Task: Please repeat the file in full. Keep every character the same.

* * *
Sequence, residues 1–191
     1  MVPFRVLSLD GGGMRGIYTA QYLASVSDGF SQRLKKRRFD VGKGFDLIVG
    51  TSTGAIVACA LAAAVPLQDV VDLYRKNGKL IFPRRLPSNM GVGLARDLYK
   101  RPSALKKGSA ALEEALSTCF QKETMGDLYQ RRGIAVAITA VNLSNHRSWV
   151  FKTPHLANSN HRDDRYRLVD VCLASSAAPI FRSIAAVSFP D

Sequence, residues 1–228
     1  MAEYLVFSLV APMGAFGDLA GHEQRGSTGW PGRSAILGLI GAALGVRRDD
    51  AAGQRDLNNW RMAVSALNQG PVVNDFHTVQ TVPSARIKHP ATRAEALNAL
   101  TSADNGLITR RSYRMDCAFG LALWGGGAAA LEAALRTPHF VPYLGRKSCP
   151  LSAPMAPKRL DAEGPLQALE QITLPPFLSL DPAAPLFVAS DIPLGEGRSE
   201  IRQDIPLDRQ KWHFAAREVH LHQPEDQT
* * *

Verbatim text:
Sequence, residues 1–191
     1  MVPFRVLSLD GGGMRGIYTA QYLASVSDGF SQRLKKRRFD VGKGFDLIVG
    51  TSTGAIVACA LAAAVPLQDV VDLYRKNGKL IFPRRLPSNM GVGLARDLYK
   101  RPSALKKGSA ALEEALSTCF QKETMGDLYQ RRGIAVAITA VNLSNHRSWV
   151  FKTPHLANSN HRDDRYRLVD VCLASSAAPI FRSIAAVSFP D

Sequence, residues 1–228
     1  MAEYLVFSLV APMGAFGDLA GHEQRGSTGW PGRSAILGLI GAALGVRRDD
    51  AAGQRDLNNW RMAVSALNQG PVVNDFHTVQ TVPSARIKHP ATRAEALNAL
   101  TSADNGLITR RSYRMDCAFG LALWGGGAAA LEAALRTPHF VPYLGRKSCP
   151  LSAPMAPKRL DAEGPLQALE QITLPPFLSL DPAAPLFVAS DIPLGEGRSE
   201  IRQDIPLDRQ KWHFAAREVH LHQPEDQT